Color Me Happy

Julia - Knoxville, Tennessee
Entered on November 10, 2008

I believe in hair dye. Sounds simple, right? Wrong. I do not believe in the dye itself, but rather, in the power of knowing that I do not need hair dye to express myself or to be recognized as different. The journey to this realization has shaped some of the views I carry today.

When I was younger, around my sophomore and junior years of high school, I wanted nothing more than to let everyone around me know that I wasn’t the conventional girl. I was not the type of person who followed trends and acted the same as those around me, and I craved the ability to show everyone that I was a true individual. I was in what my parents referred to as my “rebellious stage.” I began dying my hair excessively and eccentrically; at one point, I was dying at least once every month. It wasn’t normal colors, either. In that span of two years, I had red, purple, black, blonde with red, blue, and even completely white bleached hair. Towards the end of my junior year, however, when my hair was starting to fall out and I was still feeling boring, I realized something. I realized that no matter how many times I dyed my hair, I was still the same person on the inside. It realized that I was still stifling my real self. I came to know that no many how many times I dyed my hair it wouldn’t make me any more individual because of my fear to express my inner self. I shed my crazy hair colors for a more natural brown, and instead, started to portray my inner individuality. The results came almost instantly. Many people did not accept me for who I was, and although I lost a great deal of friends when I revealed who I was, I felt totally vindicated. I could finally be myself.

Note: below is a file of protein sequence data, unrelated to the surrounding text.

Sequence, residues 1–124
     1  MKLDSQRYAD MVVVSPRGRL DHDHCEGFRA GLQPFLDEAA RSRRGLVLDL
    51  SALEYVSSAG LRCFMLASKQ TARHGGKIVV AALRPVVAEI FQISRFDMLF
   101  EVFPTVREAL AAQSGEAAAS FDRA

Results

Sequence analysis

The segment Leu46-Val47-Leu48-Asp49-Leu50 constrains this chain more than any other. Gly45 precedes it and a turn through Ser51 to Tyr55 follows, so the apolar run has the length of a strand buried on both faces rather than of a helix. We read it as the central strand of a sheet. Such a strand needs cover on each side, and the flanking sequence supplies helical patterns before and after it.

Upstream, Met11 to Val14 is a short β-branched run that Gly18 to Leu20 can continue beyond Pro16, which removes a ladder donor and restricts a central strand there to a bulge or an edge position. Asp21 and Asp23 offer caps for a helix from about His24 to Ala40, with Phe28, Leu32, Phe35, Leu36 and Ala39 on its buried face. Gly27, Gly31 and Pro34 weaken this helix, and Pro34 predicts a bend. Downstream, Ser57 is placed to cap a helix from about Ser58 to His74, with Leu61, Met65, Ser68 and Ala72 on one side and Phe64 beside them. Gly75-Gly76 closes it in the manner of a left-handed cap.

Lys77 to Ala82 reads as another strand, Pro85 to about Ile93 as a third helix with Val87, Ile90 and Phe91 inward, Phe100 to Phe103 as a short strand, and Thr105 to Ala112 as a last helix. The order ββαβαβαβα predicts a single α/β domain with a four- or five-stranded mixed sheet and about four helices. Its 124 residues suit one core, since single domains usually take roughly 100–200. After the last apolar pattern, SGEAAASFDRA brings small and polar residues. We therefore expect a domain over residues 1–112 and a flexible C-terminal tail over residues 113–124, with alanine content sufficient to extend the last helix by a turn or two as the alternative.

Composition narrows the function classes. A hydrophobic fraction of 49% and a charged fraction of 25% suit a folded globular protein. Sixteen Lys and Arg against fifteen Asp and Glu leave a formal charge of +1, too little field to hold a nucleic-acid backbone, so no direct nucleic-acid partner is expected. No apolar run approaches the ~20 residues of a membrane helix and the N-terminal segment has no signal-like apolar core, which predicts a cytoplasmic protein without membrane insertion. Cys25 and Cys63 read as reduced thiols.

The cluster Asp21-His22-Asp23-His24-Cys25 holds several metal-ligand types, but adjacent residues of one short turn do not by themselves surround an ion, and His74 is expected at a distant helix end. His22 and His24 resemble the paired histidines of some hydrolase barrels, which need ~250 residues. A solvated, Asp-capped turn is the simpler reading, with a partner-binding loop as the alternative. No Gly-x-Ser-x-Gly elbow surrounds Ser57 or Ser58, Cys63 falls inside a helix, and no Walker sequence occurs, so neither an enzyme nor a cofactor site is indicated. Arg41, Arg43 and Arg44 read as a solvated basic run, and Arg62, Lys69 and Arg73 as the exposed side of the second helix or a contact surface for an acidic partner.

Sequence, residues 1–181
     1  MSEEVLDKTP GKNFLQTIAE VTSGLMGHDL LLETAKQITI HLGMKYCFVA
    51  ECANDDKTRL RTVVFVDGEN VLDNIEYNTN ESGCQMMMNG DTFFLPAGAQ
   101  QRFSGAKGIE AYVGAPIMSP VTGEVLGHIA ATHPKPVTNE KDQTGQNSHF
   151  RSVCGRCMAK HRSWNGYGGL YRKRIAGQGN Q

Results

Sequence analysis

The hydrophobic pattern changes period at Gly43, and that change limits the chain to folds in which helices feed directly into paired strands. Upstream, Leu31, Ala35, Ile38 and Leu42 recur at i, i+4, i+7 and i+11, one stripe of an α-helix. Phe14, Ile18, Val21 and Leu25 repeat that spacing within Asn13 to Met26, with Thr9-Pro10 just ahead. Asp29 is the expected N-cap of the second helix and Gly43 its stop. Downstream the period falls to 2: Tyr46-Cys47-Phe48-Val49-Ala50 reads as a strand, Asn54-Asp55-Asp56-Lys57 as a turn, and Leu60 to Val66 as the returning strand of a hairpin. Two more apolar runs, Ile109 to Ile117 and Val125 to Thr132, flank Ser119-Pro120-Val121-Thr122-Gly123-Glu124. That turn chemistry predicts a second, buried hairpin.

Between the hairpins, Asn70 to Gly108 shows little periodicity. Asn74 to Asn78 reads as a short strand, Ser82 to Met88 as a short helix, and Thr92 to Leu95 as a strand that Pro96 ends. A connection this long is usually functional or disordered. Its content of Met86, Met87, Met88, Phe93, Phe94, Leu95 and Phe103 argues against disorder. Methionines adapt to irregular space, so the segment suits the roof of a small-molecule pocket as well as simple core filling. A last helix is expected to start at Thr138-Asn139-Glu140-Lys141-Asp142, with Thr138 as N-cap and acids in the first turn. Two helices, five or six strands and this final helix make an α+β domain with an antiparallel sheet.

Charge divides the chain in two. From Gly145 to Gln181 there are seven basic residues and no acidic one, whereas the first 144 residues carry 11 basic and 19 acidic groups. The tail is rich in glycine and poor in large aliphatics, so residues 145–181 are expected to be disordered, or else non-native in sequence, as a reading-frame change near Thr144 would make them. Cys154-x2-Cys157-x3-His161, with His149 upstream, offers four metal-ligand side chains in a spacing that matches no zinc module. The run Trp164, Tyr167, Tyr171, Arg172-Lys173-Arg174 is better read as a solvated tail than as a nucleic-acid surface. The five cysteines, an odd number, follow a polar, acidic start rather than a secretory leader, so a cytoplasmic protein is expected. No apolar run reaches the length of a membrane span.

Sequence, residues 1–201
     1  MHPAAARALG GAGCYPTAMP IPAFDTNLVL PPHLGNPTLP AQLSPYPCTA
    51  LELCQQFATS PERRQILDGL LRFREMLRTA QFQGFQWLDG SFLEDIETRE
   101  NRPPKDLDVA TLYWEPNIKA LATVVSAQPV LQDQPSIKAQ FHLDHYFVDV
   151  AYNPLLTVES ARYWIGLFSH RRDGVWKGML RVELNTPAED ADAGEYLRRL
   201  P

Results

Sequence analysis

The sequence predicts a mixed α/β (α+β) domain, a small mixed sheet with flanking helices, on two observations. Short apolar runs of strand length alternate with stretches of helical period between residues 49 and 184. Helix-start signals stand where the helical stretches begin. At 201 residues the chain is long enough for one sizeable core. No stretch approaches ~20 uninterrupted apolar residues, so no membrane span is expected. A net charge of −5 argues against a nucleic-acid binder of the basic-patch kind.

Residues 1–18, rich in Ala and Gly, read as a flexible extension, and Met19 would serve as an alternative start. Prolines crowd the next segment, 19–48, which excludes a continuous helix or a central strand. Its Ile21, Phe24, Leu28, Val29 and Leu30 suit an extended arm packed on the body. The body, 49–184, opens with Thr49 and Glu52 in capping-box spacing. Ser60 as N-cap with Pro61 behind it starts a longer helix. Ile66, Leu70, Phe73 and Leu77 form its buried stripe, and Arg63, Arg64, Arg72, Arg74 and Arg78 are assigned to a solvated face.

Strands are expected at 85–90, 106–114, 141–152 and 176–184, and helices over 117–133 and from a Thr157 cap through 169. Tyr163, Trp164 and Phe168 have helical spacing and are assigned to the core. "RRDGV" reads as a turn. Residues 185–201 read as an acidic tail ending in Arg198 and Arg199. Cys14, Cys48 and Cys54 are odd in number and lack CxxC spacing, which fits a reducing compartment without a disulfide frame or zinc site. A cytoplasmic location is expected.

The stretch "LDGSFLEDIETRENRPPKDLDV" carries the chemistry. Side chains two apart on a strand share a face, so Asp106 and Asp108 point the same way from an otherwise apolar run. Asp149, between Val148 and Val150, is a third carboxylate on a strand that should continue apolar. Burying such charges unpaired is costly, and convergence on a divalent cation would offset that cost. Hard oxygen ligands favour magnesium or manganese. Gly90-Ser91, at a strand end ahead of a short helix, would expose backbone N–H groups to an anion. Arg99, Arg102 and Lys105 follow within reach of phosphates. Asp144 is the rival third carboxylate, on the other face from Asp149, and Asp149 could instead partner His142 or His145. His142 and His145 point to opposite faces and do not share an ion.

I still dye my hair today, but now I do it because I like the way it looks instead of because I want to prove myself to other people. I am now attending a college where I am encouraged to express myself as I am and accepted for it.